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ROBERT SIEGEL, host:

When E.L. Doctorow came to our New York studio, he read from "The March." This is a scene in which Wrede Sartorius, a battlefield surgeon in the Union Army, describes life on the march to his lover, Emily Thompson.

Mr. E.L. DOCTOROW (Author, "The March"): (Reading) Imagine a great segmented body moving in contractions and dilations at a rate of 12 or 15 miles a day, a creature of 100,000 feet. It is tubular in its being and tentacle to the roads and bridges over which it travels. It sends out as antennae its men on horses. It consumes everything in its path. It's an immense organism, this army, with a small brain. That would be General Sherman, whom I've never seen. `I'm not sure the general would be pleased to hear himself described so,' Emily said in all solemnity, and then she left.

SIEGEL: And that non-human form is--that is the march. That is Sherman's army.

Mr. DOCTOROW: Yes, that is his scientific metaphor for what is going on.

SIEGEL: What drew you to the subject of General Sherman's march as the subject of a novel?

Mr. DOCTOROW: Well, I first read about the march many years ago. I read Sherman's own memoirs. He's a wonderful writer. He and Grant were both wonderful writers. You don't find generals today who write that well or think that clearly. And he--of course, his memoirs are more than the march, but that particular occasion so devastating, so uprooting of an entire civilization, seemed to me a possible basis for a novel, although I did nothing about it for many, many years. You know, we all carry lots of ideas in our heads, and unfortunately most of them never see the light of day. But every once in a while one speaks to you with urgency, and you find yourself setting about writing it.

SIEGEL: One of the great impressions that "The March" makes is how, during this war, the living learned to live in great proximity to the dead. This is--the distance between the two shortens dramatically during that time.

Mr. DOCTOROW: Yes, death becomes a cliche. It becomes ordinary. The march of 60,000 men went through the land and became a kind of total war, and people found their own security in attaching themselves to the march, not just the freed slaves who couldn't stay behind because there was retribution once the Union Army moved on. But a lot of whites, too, were dispossessed. And in all that and in the skirmishing and the battling and the incursion into civilian life, there was a lot of death, and it became a daily sort of, quote, "to the end" thing and the troops learned to live with it. And in one scene after Sherman's people capture Ft. McAllister, the soldiers are very tired and they lie down at night next to the dead bodies of the Confederate soldiers, and he reflects on the difference between sleep and death. Sherman does a kind of soliloquy.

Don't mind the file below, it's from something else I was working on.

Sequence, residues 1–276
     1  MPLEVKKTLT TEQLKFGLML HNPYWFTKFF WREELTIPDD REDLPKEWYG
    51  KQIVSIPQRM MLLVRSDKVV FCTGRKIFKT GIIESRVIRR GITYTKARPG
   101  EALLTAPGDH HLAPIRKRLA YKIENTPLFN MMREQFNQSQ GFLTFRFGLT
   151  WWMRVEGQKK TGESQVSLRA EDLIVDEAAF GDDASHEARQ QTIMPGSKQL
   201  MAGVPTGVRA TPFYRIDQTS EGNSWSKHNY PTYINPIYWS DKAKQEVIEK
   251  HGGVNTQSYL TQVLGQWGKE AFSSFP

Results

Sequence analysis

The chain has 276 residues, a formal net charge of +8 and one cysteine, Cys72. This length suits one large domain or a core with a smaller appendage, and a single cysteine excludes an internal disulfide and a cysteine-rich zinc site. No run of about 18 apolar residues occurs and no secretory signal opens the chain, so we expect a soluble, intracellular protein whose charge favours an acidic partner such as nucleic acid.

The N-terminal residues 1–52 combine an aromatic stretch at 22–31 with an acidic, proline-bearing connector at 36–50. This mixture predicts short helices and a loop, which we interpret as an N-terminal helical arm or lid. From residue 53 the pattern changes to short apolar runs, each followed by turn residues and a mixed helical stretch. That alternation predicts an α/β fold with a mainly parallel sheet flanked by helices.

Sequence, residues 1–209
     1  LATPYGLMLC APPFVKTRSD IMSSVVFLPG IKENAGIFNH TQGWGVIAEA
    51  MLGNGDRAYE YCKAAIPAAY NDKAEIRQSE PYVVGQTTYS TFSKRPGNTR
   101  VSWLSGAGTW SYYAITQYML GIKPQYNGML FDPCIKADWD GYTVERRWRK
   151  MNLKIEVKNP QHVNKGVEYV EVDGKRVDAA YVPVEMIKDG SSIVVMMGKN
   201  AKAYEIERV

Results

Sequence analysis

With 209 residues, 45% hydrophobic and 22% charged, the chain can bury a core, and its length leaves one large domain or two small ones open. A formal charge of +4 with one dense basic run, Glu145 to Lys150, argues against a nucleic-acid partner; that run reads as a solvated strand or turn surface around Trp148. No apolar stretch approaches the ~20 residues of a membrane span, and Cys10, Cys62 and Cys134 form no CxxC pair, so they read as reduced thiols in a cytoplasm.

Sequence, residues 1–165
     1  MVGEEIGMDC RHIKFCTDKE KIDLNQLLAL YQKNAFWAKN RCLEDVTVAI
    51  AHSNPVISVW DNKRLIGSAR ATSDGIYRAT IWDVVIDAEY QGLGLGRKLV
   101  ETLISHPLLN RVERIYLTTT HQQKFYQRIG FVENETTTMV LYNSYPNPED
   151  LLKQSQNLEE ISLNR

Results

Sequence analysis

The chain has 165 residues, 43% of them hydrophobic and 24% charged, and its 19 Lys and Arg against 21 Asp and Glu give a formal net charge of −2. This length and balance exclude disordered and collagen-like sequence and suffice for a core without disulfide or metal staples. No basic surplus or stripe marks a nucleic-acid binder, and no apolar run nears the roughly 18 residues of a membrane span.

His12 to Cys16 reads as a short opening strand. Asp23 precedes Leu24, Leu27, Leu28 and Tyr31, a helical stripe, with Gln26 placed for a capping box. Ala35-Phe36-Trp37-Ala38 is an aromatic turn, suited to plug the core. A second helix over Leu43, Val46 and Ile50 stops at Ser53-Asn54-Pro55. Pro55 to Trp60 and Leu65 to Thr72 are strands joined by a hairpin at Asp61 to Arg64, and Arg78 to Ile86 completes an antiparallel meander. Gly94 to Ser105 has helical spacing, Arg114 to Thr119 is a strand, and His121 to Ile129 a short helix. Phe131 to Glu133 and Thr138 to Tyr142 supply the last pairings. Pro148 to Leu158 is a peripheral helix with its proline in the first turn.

SIEGEL: Did you come to think of the march as you immersed yourself in this project as--well, as an atrocity, for example? Would General Sherman be sent to The Hague nowadays for what he did in the South?

Mr. DOCTOROW: Well, he is defensive about it. In fact, he was so defensive that when the war was over, he left his troops--they were being marched up to Washington--and ran down, back down South to aid and recovery and rehabilitation, rescuing operations in just those places that he had demolished. So he obviously had mixed feelings about it. He'd served in the South before the war and knew the territory very, very well, which was part of what made him so effective as a strategist. And I have him reflecting at the end of the book as he takes surrender from General George Ellingston(ph), the Confederate commander.

(Reading) Only afterward in the late night, as Sherman sat by the hearth in the billet provided him, did he feel a peculiar envy for Joe Johnston and the South he represented. How unsettling. In one hand, Sherman held a cigar; in the other his schooner of brandy. He stared into the fire. There was this about the end of the war: that once the cheering was over, you were of two minds. Yes, your cause was just. Yes, you could drink your flagon of pride. But victory was a shadow then, an ambiguous thing. I would go on wondering about my actions, whereas General Johnston and his colleagues of the unjust cause, now embittered and awash in defeat, will sublime to a righteously aggrieved state that would empower them for a century.

SIEGEL: Now what you have General Sherman reflecting on at that moment when he--and he's actually giving very generous terms of surrender to Johnston, the Confederate.

Mr. DOCTOROW: Yeah, he did. He shocked the people in Washington. Grant had to come down quickly to amend his giveaways, and that might have been some reflection on his guilt.

SIEGEL: But he is reflecting on the illusory or the very transitory nature of victory, but the enduring anchor that military defeat can be to a people, the Southerners.

Mr. DOCTOROW: Well, you--it happens to be true that--I mean, we see that in Iraq today; that invasion created a reaction that we had not anticipated and which has been enormous. And we don't seem to be able to handle it. When the Germans lost in World War I, the rage was sufficient to make that entire country vulnerable to the appeal of a national racist and pseudoreligious appeal of Adolf Hitler.

SIEGEL: Mr. Doctorow, thank you very much for talking with us.

Mr. DOCTOROW: Well, you're welcome.

SIEGEL: E.L. Doctorow, who's new novel is called "The March."

MELISSA BLOCK (Host): And you're listening to ALL THINGS CONSIDERED from NPR News.

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